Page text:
Nov. 6, 2008 Overfishing, water pollution, excessive riverside development, etc. have contributed to the regression of amphihaline water migratory fish populations in Europe. Today, most species are in danger. Restoration programs at different spatial and temporal scales have been initiated with, notably, support to populations and rehabilitation of habitats.
However, in the current context of climate change, the distribution of species and the characteristics of their migration need to change. In Bordeaux, Cemagref researchers have been using biogeographic models to predict the distribution of European amphihaline migratory species on the 2100 horizon.
Amphihaline species are those that pass periodically, at well defined stages of their life cycle, from salt to fresh water and vice versa.
The scientific community is beginning to apprehend the impacts of global warming on the distribution of forest essences and the progression of nesting birds in Europe. To date, few studies have been conducted on the effects of the rise in river and ocean temperatures on the distribution and the future of migratory amphihaline fish. Yet most European species are now in danger.
As indicated by the label “amphihaline migrators,” these fish migrate great distances to complete their life cycle between ocean and river. A simulation of the future geographic distribution of migratory fish integrating climate change has just been completed for a doctoral dissertation at the Bordeaux Cemagref. On the 2100 horizon, the results predict consequential losses in climatically favorable watersheds, which raises the question of the future of the majority of European species.
A historical model of species distribution
The researchers began by inventorying migratory amphihaline fish species throughout Europe, the Middle East, and North Africa. This large geographical scale covered the near totality of the geographical area occupied by each of the 28 European species included in the census. How will temperature limit the distribution zone of these species?
To answer this question, 200 watersheds were studied to describe the distribution of each species in terms of presence-absence and abundance. The study established a distribution model for each species at a time when humans exerted little pressure on the milieux. The 1900s were chosen as the reference period. More than 400 bibliographical references were analyzed and lists were made by partner laboratories of the European Diadfish network. In addition to air temperature, four other factors known to influence freshwater fish distribution were studied: longitude at the mouth of the watershed, the surface area of the watershed, altitude at the river’s source, and precipitations.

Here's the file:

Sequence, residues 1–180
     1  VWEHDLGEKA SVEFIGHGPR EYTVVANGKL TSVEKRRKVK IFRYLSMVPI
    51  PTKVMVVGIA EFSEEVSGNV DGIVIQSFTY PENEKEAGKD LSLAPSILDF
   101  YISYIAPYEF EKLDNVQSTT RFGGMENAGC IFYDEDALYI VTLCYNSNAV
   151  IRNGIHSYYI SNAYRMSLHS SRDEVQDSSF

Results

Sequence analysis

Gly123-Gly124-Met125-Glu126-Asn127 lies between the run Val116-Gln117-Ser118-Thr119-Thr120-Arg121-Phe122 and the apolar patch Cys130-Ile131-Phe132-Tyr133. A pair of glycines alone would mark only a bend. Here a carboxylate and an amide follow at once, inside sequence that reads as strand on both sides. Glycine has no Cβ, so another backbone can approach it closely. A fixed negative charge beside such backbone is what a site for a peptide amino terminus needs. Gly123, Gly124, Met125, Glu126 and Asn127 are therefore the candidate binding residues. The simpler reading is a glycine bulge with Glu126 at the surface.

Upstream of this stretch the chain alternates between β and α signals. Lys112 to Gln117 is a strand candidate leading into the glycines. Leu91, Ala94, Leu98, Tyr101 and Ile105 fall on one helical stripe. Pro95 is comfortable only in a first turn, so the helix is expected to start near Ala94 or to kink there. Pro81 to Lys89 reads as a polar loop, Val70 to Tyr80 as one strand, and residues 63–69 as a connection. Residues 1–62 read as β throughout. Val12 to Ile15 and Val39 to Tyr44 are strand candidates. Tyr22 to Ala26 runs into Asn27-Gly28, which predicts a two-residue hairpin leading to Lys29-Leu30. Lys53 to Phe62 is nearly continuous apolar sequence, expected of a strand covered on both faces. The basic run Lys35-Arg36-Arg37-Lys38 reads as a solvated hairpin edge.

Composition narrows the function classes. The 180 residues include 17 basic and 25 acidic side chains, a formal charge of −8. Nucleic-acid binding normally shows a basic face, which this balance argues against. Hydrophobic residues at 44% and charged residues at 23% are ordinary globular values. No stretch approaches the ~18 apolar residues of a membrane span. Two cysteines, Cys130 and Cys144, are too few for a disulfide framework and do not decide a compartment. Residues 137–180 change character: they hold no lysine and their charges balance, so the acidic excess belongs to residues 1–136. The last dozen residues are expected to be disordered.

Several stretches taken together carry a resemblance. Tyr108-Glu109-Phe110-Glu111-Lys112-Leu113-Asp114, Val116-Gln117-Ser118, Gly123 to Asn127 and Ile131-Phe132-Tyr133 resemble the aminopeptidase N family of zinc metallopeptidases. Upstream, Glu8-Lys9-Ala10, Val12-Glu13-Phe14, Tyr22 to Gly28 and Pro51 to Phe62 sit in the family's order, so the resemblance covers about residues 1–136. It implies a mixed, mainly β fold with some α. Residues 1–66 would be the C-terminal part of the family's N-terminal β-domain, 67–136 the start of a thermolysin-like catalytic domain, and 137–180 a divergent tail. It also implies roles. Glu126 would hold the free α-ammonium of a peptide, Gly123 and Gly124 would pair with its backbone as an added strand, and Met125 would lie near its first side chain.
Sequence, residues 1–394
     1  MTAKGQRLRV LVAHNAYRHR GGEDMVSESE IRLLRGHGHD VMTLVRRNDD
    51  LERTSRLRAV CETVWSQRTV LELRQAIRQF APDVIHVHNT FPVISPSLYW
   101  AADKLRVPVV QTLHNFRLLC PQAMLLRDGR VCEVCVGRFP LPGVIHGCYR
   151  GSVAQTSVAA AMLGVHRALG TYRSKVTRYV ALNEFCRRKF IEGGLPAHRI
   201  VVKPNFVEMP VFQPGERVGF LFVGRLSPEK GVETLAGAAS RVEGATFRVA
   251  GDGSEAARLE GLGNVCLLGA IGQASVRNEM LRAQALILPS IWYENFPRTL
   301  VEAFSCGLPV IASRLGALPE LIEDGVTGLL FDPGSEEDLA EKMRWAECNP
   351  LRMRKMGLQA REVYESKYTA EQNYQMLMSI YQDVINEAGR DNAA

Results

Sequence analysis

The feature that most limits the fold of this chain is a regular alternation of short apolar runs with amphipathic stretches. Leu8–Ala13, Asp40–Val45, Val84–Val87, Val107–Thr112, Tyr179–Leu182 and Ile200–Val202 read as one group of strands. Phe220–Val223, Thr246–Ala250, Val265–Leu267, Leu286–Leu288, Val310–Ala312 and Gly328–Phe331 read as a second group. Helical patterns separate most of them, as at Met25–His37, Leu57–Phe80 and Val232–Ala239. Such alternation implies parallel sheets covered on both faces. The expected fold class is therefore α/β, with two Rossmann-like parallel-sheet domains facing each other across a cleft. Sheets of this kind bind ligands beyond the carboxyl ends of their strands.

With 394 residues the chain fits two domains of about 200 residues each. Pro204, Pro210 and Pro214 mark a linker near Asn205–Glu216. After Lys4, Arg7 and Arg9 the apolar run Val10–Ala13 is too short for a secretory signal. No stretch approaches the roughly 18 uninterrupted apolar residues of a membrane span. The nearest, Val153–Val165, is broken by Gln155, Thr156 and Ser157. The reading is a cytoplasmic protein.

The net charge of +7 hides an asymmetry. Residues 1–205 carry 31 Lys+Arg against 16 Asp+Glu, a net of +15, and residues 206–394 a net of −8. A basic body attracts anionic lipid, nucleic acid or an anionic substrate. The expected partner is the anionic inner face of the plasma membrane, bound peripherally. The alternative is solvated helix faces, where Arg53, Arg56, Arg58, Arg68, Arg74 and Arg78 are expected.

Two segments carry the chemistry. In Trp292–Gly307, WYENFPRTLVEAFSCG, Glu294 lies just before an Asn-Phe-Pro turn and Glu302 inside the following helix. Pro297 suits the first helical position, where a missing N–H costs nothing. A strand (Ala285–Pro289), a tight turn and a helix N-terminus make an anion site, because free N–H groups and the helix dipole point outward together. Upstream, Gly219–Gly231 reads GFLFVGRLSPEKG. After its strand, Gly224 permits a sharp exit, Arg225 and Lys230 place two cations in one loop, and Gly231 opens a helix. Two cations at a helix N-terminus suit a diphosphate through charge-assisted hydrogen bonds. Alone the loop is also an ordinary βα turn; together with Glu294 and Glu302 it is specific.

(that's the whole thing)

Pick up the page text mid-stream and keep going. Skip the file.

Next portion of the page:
What future is in store for amphihaline migratory fish in 2100?
The next step applied these distribution models to a context of climate change, using the four reference climate scenarios developed by the Intergovernmental Expert Group on Climate Change (Groupement d’Experts Intergouvernementaux sur l’Evolution du Climat, GIEC, 2000). The study’s term was set at 2100 so as to have sufficient distance to measure significant evolution in the fish populations.
In addition, this date corresponds to the order of magnitude for most restoration plans successfully carried out for migratory amphihaline fish. Based on a temperature evaluation between 1 and 7°C, species’ responses can be classified into three categories: one shrinking their distribution area, one extending their distribution area, and one showing little or no change in distribution. This study shows that for most species the situation will deteriorate. For example, smelt and arctic char should lose approximately 90% of the favorable watersheds for zero or reduced gains. Only two species, the thick-lipped grey mullet and the twaite shad, will be able to expand toward the north, beyond their initial distribution area.
Finally, as predicted, the southern watersheds risk losing most of their species. Could this be an opportunity for more exotic migratory amphihaline fish? Researchers are very reserved on the subject, even pessimistic, because the migratory amphihaline species swim along the coast of West Africa since they have no permanent rivers in which to live.
It is therefore urgent to restore milieux and populations. The predictive models established within these studies are relevant tools to be used to set up conservation programs over the long term at different scales of action.
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